Collection descriptions
Archival materials
Blueprints
Reports
Drawings
Photographs
Pamphlets
Clippings
Date:
1921-1967
bulk 1925-1926
bulk 1953-1967
Scope and Contents:
This collection consists of material gathered by Towle to support his claim as the designer of the Ford Tri-Motor. The material consists of the following: newspaper and magazine articles; pamphlets; photographs pertaining to the history of the aircraft and its role in early air transportation; drawings; early flight test reports; technical notes relating to early Tri-Motor models; a short autobiography and resumeof Towle; and assorted postcards, stamps, articles, and so forth relating to Island Airways, an airline still flying Ford Tri-Motors
Biographical / Historical:
Thomas Towle (1897- ) was a mechanical engineer and main designer of the Ford Tri-Motor. Following graduation from Yale University (1920) Towle worked as an engineer for a number of aircraft companies, including Dayton-Wright (1921-22), Martin (1922-23), Aeromarine (1923-24), and Stout Metal Airplane Co (1924-25) before joining Ford Motor Company's Airplane Division (1925-27). While at Ford, Towle designed a three-motored aircraft to replace the Stout 'Air Pullman:, the rights to which Ford purchased with Stout in 1925. Towle left Ford in 1927 to form his own company, Towle Marine Aircraft (1927) and Towle Aircraft Company (1928-32). In 1933 Towle joined Monocoupe and later moved to Lambert Aircraft (1933-35) before leaving the aircraft industry.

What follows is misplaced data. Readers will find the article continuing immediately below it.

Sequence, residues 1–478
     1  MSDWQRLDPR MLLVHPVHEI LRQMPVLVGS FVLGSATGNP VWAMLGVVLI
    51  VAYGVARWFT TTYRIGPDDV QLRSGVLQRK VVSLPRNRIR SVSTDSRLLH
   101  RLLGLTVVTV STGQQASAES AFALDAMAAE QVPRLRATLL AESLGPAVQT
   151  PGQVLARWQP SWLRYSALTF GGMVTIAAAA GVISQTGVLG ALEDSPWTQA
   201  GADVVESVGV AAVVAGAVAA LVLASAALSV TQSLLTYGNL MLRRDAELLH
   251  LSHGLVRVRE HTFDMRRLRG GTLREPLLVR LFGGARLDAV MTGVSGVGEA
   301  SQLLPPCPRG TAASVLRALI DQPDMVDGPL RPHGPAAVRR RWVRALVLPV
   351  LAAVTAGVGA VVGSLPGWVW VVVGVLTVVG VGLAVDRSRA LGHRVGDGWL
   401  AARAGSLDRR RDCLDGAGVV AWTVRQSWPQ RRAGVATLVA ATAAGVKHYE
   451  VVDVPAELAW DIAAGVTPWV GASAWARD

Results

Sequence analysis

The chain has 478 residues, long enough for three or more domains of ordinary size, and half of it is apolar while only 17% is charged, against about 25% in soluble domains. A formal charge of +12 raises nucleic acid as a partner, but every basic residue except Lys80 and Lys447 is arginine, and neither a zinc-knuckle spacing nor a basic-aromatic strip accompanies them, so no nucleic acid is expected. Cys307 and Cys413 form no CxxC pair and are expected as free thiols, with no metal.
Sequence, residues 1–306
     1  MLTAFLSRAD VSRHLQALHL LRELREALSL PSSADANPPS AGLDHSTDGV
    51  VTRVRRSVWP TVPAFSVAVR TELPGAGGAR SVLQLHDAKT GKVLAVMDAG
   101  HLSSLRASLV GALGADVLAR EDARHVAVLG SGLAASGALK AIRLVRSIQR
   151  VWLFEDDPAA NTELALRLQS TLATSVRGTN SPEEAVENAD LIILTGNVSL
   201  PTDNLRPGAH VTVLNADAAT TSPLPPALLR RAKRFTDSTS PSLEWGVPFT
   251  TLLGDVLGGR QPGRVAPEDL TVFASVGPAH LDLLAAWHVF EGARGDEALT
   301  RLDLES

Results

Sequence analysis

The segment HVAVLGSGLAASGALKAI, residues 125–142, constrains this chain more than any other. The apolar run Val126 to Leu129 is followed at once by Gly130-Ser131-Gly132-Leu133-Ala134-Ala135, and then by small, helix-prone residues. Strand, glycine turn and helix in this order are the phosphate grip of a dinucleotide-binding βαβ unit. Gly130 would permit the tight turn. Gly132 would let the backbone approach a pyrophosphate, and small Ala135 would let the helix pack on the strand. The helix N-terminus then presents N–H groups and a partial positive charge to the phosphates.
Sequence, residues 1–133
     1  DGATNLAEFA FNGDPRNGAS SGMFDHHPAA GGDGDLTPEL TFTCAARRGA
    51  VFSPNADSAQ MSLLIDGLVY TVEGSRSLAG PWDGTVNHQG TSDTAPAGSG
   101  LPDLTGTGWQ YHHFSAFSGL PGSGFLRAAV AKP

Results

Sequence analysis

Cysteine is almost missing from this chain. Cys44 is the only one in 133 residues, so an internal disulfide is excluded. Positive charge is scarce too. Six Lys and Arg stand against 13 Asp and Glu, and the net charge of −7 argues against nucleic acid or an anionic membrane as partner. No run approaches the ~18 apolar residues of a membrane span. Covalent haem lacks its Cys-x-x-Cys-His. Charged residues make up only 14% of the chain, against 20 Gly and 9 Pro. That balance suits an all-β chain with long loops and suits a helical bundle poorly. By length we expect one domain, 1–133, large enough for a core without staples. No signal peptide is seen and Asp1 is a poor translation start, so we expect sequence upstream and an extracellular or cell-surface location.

General:
NASMrev
Provenance:
Tom Towle, Gift, unknown, XXXX-0102, unknown
Restrictions:
No restrictions on access
Rights:
Material is subject to Smithsonian Terms of Use. Should you wish to use NASM material in any medium, please submit an Application for Permission to Reproduce NASM Material, available at Permissions Requests
Topic:
Ford Tri-Motor Family  Search this
Airlines  Search this
Aircraft industry -- United States  Search this
Aircraft industry  Search this
Aeronautics, Commercial -- United States  Search this
Aeronautics, Commercial  Search this
Aeronautics  Search this
Genre/Form:
Blueprints
Reports
Drawings
Photographs
Pamphlets
Clippings
Identifier:
NASM.XXXX.0102
Archival Repository:
National Air and Space Museum Archives
EDAN-URL:
ead_collection:sova-nasm-xxxx-0102